When I was a novitiate therapist, some thirty-five years ago, I saw a ten year old boy in treatment who told me that he had suffered a repeating nightmare since seeing a scary movie about ‘˜monster robots.’ He was frightened into wakefulness and unable to get back to sleep 3-4 times a week. No amount of parental reassurance seemed to help.
After several sessions, he came in smiling to report that the bad dream had stopped. I was pleased, of course, and asked why he thought they had stopped. I wish that, as a therapist, I could take some credit for ‘˜curing’ him, but this boy did it himself. All I had really done was to assure him that his dreams could not really hurt him and although they were scary, they were not really dangerous.
He explained it to me this way (from my own note written within an hour of the visit):
“The monster robot was coming after me like always and I ran into the basement to hide from it. I hid behind a pile of stuff and heard it coming. I knew it would find me. Then, something different happened. I remembered that this had happened before — A lot of times. I thought ‘˜This isn’t real — It must be a dream.’ I took a deep breath and stepped out from behind the pile of stuff I was hiding behind and faced the robot. I looked him right in the face and said ‘˜This is MY dream and I don’t want you here. You can’t hurt me. Go away!’ He disappeared and I woke up feeling really good, got up and went to the bathroom then went back to sleep. I don’t think I will have that nightmare any more ‘” but if I do, I’ll know what to do!”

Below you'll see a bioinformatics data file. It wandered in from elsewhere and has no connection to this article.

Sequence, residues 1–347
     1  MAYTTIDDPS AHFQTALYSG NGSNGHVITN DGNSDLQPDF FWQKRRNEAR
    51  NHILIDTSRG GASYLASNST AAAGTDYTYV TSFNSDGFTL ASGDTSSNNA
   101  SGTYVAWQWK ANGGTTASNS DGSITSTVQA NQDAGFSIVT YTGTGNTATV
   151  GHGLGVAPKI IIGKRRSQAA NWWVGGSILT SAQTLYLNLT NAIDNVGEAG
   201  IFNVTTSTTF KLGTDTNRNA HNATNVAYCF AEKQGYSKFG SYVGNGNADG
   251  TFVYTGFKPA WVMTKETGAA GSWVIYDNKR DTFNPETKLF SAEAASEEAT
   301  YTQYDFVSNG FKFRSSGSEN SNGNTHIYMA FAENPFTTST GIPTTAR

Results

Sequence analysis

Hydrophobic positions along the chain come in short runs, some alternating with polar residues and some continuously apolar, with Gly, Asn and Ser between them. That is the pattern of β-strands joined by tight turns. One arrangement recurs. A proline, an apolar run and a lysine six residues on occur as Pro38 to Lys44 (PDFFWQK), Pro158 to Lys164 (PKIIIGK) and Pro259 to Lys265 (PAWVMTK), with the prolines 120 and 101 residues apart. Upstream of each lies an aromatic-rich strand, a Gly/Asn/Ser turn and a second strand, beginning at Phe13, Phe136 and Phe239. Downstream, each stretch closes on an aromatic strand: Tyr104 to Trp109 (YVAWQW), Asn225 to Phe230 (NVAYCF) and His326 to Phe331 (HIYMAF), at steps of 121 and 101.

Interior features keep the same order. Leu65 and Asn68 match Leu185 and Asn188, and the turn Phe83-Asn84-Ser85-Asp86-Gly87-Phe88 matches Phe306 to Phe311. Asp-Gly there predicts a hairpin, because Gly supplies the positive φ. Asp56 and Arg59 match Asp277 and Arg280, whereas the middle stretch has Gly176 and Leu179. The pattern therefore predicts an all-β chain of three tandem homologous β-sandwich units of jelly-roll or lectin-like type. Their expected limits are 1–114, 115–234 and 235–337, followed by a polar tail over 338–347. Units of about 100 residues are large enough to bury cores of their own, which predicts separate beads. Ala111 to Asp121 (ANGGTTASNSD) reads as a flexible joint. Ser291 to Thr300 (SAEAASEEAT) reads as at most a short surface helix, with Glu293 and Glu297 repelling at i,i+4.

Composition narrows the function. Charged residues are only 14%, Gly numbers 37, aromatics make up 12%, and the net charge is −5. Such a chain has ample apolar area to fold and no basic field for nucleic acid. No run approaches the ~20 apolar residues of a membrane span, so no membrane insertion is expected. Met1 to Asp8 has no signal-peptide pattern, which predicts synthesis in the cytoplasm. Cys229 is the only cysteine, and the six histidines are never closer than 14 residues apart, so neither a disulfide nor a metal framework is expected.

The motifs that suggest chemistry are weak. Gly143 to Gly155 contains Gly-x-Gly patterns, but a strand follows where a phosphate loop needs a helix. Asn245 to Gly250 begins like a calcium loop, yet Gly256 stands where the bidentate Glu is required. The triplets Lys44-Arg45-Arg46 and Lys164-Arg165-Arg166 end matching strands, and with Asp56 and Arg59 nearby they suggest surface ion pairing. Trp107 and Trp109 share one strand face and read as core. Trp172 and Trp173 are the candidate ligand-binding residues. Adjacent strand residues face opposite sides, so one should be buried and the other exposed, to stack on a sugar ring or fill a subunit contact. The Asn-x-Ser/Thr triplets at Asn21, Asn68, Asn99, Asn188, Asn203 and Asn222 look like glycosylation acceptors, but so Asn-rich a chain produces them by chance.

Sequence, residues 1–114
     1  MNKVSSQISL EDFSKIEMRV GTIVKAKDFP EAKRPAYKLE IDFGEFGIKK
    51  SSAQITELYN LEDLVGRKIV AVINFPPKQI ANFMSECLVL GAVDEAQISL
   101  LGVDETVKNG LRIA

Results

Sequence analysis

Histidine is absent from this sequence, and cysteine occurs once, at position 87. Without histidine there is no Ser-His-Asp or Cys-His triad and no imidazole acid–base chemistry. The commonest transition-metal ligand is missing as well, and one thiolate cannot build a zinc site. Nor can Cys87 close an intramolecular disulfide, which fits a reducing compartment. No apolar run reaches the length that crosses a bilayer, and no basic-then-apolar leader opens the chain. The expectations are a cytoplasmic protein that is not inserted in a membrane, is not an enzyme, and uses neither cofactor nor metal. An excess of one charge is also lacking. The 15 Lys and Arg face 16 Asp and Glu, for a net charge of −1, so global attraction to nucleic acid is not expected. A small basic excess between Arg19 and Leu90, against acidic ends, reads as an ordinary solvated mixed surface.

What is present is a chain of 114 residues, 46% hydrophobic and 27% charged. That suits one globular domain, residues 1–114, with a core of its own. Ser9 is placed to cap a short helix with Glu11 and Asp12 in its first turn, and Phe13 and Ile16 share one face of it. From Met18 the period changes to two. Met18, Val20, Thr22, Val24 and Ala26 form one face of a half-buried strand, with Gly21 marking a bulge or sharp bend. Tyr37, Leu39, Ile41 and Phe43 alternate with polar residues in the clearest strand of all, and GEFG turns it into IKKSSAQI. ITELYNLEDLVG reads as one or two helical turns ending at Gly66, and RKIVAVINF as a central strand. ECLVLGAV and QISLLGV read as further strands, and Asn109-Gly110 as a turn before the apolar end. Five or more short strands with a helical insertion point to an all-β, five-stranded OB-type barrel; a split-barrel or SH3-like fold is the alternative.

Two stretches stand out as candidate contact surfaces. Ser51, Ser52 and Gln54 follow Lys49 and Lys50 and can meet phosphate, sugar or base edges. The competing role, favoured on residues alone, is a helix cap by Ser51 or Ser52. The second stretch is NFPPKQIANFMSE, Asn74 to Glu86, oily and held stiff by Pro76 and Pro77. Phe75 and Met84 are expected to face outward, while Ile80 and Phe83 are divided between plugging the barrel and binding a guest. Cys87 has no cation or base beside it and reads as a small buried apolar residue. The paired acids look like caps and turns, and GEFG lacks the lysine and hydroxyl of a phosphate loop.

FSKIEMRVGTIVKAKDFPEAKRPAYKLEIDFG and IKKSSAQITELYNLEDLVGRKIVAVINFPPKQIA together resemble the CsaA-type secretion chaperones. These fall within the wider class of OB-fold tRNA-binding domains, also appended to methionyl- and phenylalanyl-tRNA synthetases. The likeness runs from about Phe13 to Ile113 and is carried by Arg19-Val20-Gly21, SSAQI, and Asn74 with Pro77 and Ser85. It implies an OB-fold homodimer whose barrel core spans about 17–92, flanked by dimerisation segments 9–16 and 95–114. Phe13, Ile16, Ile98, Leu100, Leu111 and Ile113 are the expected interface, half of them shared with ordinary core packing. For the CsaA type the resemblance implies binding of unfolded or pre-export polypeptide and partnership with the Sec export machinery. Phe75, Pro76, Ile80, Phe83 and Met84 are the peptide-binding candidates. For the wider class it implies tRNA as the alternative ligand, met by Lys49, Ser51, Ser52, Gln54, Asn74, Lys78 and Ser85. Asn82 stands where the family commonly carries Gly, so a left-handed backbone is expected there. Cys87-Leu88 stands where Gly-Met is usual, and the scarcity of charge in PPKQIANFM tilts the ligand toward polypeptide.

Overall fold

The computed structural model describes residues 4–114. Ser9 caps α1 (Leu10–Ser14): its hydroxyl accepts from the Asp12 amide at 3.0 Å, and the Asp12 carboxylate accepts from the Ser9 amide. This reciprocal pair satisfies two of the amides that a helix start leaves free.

What this boy had done was to bring a piece of conscious knowing ‘” that he was dreaming ‘” into the dream itself. With that as a base, he was able to control the outcome.
Over many subsequent years of clinical practice and speaking with many people who have had repetitive nightmares, I have learned to suggest this as a strategy. Before trying to fall asleep, think “If I see something that seems unreal, it probably is a bad dream. I can wake up if I want to or just throw whatever the scary thing is out of my dream.” This takes some practice for most people, but DOES work.
Perhaps because the line between fantasy and reality is a bit less firm for children than it is for adults, the technique tends to work more quickly and often more completely for kids, but adults can do it too.
The skill is made possible by a shift in belief from one that says that anything that happens during an unconscious state, like sleep, is not under our control to one that says that we can introduce enough conscious awareness into many unconscious states so as to shift their direction and outcome.
Although I first learned of this technique from a child in treatment, I subsequently discovered that the idea has been well researched and described in the literature. The accompanying links will lead you to more information on the subject.
With some practice and motivation, most people can learn to put a little Yin in their Yang or the other way around. It may not work every time, but when it comes to taking control of a nightmare, some is usually better than none.